Fullerton (11-19) ended the season with back-to-back losses, finishing up conference play a mere 6-10, and it'll need to win three games in a row for the first time all season if it wants to capture the tournament crown. The Titans shoot less than 43 percent from the field on the campaign and own negative margins in terms of scoring (-3.8), rebounding (-1.3) and turnovers (-0.6). Michael Williams scores 17.6 ppg on 68-of-189 from 3-point range (.360). Alex Harris brings 15.5 ppg to the table but struggles from the field (.392).

LBSU and Fullerton split the season series, with each team winning on its home floor.

The top and bottom seeds will face off in the third opening-round game when the UC Irvine Anteaters take on the UC Riverside Highlanders. As the class of the Big West, UCI ended the regular season with victories in four straight and nine of 10. Not only did the Anteaters finish in first place in the standings, but they were the most well-rounded team, ranking first in scoring margin (+7.3), shooting 47.4 percent from the field, while holding opponents to a lowly 37.5 percent shooting (third-best in the nation). Although no one scores more than 11.8 ppg, all five starters net at least 8.2 ppg. Will Davis II (10.7 ppg, 6.3 rpg, 1.0 bpg) and Mamadou Ndiaye (8.2 ppg, 6.0 rpg, 3.0 bpg, .714 FG percentage) are an imposing frontcourt duo, and Luke Nelson (11.8 ppg) has drained 67 3-pointers at a 37.6 percent clip.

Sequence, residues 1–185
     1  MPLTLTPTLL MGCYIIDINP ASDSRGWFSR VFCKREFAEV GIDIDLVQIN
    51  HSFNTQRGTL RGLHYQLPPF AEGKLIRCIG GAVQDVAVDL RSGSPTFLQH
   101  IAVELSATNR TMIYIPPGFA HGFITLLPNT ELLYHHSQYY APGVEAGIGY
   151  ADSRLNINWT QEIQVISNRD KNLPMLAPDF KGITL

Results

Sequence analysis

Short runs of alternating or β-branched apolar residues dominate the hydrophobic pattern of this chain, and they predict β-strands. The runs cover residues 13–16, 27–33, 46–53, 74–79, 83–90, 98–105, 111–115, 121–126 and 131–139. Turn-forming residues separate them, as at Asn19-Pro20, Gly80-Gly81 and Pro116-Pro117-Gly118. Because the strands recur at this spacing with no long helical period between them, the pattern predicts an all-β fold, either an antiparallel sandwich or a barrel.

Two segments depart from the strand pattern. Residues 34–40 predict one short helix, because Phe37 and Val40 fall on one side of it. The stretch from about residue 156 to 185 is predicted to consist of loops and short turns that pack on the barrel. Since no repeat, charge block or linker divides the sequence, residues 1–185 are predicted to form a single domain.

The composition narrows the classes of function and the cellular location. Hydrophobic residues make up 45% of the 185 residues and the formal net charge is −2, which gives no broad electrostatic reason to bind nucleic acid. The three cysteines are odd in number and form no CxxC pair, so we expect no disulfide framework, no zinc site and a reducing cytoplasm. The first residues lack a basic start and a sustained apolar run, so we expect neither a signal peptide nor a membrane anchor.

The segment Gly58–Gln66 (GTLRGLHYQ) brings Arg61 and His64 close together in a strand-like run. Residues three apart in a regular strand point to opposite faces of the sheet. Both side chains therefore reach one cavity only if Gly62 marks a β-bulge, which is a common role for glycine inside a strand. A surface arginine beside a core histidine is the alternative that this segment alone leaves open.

UCR's season has been nothing to brag about, as it has lost twice as many games as it has won (10-20), while finishing up 5-11 in the Big West, but it snuck into the tournament by winning a battle for last place with UC Davis on March 6 (78-65). The Highlanders unsurprisingly score fewer points per game (69.1 ppg) than they allow (71.7 ppg), with Chris Patton (13.3 ppg), Sam Finley (12.5 ppg) and Taylor Johns (12.3 ppg, 7.8 rpg) acting as the top performers.

UCI dismissed UCR twice this season by a combined 38 points.

The final opening round tip will be between the Hawaii Rainbow Warriors and the Cal State Northridge Matadors late Thursday night. Hawaii (20-10) impressed during its second season as a member of the Big West by going 9-7 in the league, and it crossed the 20-win threshold for the first time since the 2003-04 campaign. The Rainbow Warriors have the conference's most explosive offensive attack, shooting 47.3 percent from the field for 79.3 ppg, which has been more than enough to support a lackluster defensive effort (72.8 ppg). Christian Standhardinger is the catalyst, putting up 17.7 ppg, 8.4 rpg and 1.5 spg. Isaac Fotu (15.2 ppg, 6.1 rpg) has also been outstanding with a .593 field goal percentage, while Garrett Nevels (13.4 ppg), Brandon Spearman (11.1 ppg) and Keith Shamburger (9.0 ppg, 5.4 apg) round out the strong starting lineup.

CSUN, meanwhile, experienced an up-and-down season at 15-17 overall and 7-9 in league play thanks to its large disparity between home (11-3) and road (2-14) success. Much like Hawaii, the Matadors have a stellar offense, scoring 76.9 ppg on 45.6 percent field goal shooting, but they have ultimately been held back by a porous defense (77.8 ppg). Stephen Maxwell (17.9 ppg, 9.0 rpg), Stephan Hicks (16.9 ppg, 6.7 rpg) and Josh Greene (15.6 ppg) make up one of the nation's top scoring trios.

After CSUN edged Hawaii at home at Jan. 11, 79-78, the Rainbow Warriors evened the season series with a 77-63 triumph in Honolulu on Feb. 1.